Zoe Winters wrote an article wherein she philosophizes about her pricing practices. I tend to agree with her underlying theory of "I want solid fans, not random readers." That is, I want to write kick ass stories for people that like the kind of story I'm (hopefully) getting good at writing. I recognize that there's no way I can please all the people all of the time, so I want to shoot for my niche, and niche the hell out of it. It's one of the reasons the whole "dare" things makes a lot of sense to me. While I'm not going to compromise a story, I definitely want to try my best to throw the things in there that my readers have said they want to see. To me, that's all part of the challenge.

A big part of that challenge, though, is getting a critical mass of fans where you can subsist on writing alone, and thus give them your full attention. I'm not there yet, and until I am, I have to go with the popular flow. Doesn't mean I have to agree with it, though.

So, here's how I'd lay out pricing in my ideal world:
  •  Novel, >50k words - $3-$5 
  •  Novella, 20k-50k words - $1-$3 
  •  Everything shorter - free to $1 
I'm not sure what to do right now with huge novels. Think >100k words. Should those really price the same as a 50k novel? There's a lot more buying history to overcome there than with the shorter works. Still, maybe huge epic fantasy novels push the $5 into $6 or $7, but still stay completely reasonable for the "entertainment per hour."

Now, this is all for a non-traditionally published author. We have the flexibility to keep our overhead low, so this pricing can work for us to make a living. For an experienced, professional author, I'd be completely willing to pay upwards of $10. I don't really cringe at a $10 price point right now on a traditionally published book. I am, however, less likely to take a chance at that level.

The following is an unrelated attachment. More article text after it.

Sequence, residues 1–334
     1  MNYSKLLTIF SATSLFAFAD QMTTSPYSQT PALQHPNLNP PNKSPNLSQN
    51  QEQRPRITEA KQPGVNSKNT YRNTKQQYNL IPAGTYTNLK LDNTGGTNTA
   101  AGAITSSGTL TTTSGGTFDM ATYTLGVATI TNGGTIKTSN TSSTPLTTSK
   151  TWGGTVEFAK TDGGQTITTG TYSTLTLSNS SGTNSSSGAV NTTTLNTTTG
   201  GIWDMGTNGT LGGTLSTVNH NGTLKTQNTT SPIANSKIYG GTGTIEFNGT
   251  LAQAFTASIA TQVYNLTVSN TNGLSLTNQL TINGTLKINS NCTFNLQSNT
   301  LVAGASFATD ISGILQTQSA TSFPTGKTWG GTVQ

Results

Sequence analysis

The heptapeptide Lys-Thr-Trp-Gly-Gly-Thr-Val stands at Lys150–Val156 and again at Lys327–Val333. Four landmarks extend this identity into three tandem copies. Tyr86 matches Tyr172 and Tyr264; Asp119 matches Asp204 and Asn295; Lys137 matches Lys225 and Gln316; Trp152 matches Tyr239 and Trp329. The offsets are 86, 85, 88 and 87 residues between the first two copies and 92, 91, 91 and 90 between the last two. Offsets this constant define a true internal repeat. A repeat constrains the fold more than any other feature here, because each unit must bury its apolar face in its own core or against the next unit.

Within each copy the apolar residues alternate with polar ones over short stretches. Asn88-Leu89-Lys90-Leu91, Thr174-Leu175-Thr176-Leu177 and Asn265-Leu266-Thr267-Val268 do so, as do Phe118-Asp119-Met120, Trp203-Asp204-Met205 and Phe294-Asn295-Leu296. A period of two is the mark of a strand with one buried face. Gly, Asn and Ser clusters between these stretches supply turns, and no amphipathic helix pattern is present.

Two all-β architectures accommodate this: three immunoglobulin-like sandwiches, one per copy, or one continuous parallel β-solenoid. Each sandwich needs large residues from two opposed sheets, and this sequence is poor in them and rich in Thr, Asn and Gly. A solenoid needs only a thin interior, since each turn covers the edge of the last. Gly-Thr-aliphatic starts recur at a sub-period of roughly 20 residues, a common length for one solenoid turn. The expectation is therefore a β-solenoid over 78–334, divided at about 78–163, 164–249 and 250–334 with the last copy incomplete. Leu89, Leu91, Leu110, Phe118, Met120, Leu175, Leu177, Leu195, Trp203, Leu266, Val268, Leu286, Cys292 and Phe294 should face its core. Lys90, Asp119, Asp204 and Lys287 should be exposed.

Some of the higher price points of traditionally published books have made me balk, or at least put off the purchase. I used to save my splurges for my absolute favorite series and get them in hardcover. Now, I don't know. I've certainly been thinking a lot more about prices. I could afford to read a lot more at a lower price point. And I'm a lot less likely to be pissed if a cheaper book isn't exactly what I wanted/expected. For the traditional folks, they better make damn sure the quality is top notch (not true of some traditional books I've read, where typos and the like have leaked through.) I would say a good rule of thumb would be to add about $5 for anything traditionally published. Does a publisher add $5 of value? That's for you to decide. I think they can, but perhaps aren't quite there yet